We are pleased to announce that IRLib has been updated to version 1.5. IRLib is a library for Arduino-based microcontrollers that allows for the receiving, decoding, and sending of infrared signals. These new changes are a step forward in making the library less hardware platform dependent so that it can be more easily used by a variety of microcontrollers. These changes include…
- New bit-bang option for PWM output frequency setting. Now can use any output pin with no hardware timers. Note:bit-bang output not as accurate as timer-based frequency selection.
- Major rewrite of IRLibTimer.h to facilitate bit-bang. Separated hardware timer selection and specification into sending and receiving sections in order to implement bit-bang.
- New IRfrequency class for detecting input frequencies. Previously was a stand-alone special sketch but now is a class including a DumpResults method.
- New IRfreq and IRrecvDumpFreq illustrate simultaneous detection of frequency and pattern with both an IR learner and IR receiver is connected.
- New #define USE_IRRECV define can be commented out to completely remove the interrupt driven IRrecv receiver class from the library. This resolves ISR conflicts with other libraries such as Tone() when not using IRrecv class.
- New #define USE_DUMP define can be commented out to disable DumpResults methods. Saves code space when these methods are not needed.
- Revised user manuals to document new features and correct previous documentation problems.
Note: The included user manual update is not yet available on the website at http://tech.cyborg5.com/irlib/docs/ but it will be updated shortly. New user manual is available with the library itself as a Microsoft Word .docx file as well as PDF and EPUB versions.
This library is available on GitHub at . For more information on this library see http://tech.cyborg5.com/irlib/
I’ve been working with the new Pinoccio microcontroller Arduino-like platform for creating internet-of-things devices. One of the many ways you can access devices through a webpage called their headquarters. It is available at hq.pinocc.io and requires a special plug-in for Google Chrome. I had been having great success with the device and suddenly two days ago the webpage quick loading. At first I thought their server was down but eventually realized that I could login using other in my home but not the one that I had been using. It was the classic “why is this thing not like the others?” problem.
The folks at pinocc.Io were tied up in a maker fair and working on other issues and were not able to help me right away. So I did some exploring on my own.
Note you can click on any of these images for larger versions.
I clicked on the “MORE” and got the following information.
That told me that the certificate had been revoked and it told me who had issued the certificate but that still tell me very much. The first problem was figuring out where in Google Chrome SSL certificates were handled. Several Google searches later I determined that chrome uses Windows computers default settings. You can get to it in Google Chrome’s settings under the section “proxy settings”. (Gee no wonder it didn’t jump right out at me!) You can also access SSL certificate information from Internet Explorer under Tools… Internet options… content tab. I tried clicking on the “clear SSL state” hoping that it would flush everything out and recheck the certificates. That didn’t help. I clicked on the “Certificates” button but couldn’t find anything related to the certificate issuer “Gandhi Standard SSL, CA” that I had gotten from that more detailed error message.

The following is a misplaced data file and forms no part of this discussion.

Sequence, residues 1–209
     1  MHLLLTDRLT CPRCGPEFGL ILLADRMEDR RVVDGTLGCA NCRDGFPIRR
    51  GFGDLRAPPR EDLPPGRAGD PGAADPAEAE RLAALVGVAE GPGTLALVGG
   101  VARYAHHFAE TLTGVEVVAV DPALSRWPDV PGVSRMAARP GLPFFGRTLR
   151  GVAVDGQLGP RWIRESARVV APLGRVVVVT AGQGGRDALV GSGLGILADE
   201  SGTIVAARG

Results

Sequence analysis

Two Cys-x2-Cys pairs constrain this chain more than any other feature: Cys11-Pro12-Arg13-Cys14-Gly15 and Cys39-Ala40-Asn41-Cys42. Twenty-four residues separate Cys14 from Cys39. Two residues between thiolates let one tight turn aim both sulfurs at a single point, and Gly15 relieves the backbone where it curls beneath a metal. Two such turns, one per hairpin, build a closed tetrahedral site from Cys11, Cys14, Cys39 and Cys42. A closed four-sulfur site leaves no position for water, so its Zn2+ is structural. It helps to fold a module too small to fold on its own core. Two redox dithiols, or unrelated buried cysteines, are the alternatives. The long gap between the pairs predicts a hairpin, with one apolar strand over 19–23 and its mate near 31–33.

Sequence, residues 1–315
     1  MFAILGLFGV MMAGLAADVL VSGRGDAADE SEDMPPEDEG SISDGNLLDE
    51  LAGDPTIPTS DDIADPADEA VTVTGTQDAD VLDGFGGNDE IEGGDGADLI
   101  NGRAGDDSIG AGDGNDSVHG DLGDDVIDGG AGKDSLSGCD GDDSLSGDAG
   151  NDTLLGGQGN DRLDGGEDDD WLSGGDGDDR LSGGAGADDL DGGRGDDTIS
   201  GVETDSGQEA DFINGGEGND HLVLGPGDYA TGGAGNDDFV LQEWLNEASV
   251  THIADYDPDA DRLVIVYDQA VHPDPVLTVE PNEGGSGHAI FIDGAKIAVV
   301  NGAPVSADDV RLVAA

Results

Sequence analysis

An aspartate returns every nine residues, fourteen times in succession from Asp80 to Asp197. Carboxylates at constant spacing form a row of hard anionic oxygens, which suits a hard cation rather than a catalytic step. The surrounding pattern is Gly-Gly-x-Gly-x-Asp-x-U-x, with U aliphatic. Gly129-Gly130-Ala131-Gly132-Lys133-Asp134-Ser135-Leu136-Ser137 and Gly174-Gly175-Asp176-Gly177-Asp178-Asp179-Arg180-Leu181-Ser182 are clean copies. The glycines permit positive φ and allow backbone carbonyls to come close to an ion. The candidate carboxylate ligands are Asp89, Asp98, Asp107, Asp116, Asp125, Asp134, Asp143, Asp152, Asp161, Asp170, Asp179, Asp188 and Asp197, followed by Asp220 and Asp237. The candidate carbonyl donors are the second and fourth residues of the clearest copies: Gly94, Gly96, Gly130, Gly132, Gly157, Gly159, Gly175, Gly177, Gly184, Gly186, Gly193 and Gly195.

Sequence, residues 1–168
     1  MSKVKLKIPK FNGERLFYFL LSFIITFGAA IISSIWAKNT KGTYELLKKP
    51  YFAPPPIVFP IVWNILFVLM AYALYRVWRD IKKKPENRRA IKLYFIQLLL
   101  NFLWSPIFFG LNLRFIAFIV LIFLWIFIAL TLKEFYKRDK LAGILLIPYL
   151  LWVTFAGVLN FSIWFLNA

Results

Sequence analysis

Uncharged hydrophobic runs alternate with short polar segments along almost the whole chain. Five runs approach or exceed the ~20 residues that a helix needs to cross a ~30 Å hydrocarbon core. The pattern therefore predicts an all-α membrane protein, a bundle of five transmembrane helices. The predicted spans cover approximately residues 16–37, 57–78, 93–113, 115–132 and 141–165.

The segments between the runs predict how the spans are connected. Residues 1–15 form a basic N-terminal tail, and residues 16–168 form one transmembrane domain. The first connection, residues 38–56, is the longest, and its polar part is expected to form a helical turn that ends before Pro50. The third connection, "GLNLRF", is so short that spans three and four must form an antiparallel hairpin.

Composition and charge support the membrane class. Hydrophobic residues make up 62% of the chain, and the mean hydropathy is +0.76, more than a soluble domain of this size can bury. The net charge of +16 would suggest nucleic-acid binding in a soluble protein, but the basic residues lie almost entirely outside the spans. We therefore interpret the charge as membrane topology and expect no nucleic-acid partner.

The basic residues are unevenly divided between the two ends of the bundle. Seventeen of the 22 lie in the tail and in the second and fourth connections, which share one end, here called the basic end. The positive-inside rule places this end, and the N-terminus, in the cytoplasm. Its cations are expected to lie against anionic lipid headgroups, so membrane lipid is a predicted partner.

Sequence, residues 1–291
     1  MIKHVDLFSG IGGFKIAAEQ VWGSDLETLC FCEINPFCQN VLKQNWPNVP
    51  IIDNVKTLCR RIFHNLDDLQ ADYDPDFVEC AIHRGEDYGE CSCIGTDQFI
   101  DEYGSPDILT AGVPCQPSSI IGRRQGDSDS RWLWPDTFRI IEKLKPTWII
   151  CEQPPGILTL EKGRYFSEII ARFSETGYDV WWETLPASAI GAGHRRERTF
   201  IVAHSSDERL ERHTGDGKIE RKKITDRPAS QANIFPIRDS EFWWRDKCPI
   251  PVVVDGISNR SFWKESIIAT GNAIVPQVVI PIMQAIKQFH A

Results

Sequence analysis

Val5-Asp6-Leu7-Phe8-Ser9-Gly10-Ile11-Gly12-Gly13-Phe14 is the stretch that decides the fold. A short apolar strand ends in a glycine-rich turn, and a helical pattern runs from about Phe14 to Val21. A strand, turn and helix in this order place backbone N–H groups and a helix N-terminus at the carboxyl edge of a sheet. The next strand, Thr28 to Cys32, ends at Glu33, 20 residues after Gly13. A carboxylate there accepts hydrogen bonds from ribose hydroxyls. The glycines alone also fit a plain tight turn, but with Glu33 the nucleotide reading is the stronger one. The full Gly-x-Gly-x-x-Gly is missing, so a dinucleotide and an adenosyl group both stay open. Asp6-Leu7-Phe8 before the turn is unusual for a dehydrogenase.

I browsed around the certificate section in Internet Options but could not find anything under any of the tabs regarding that provider. Then I noticed that where you type the URL there is a little green padlock icon that somehow was beckoning me to do a right-click on it.
When I did I got the following…
The initial tab talks about permissions but I clicked on the Connection tab. Then I clicked on the Certificate Information link. Which gave me this…
The details tab was interesting but didn’t really tell me much so I tried the “Certification Path” tab and got the following
This gave me some other places to look. I started the top with USERTrust and found it under “Trusted Route Certification Authorities” here…
However it would not allow me to remove it. However under “Intermediate Certification Authorities” I found an entry that it would allow me to remove.
After clicking on the “Remove” button and closing everything out, I was able to go back into Google Chrome, access the website, and it loaded perfectly. It apparently went and got a fresh copy of the certificate. Now everything is working fine.
The folks at Pinocc.io later explained “We recently added a load balancer which was still configured with the pre
heartbleed ssl cert we revoked. This has been fixed.”
So if anyone is out there reading this whether they are using Pinocc.io or not and you are having SSL Certification problems perhaps the steps I’ve shown you will help.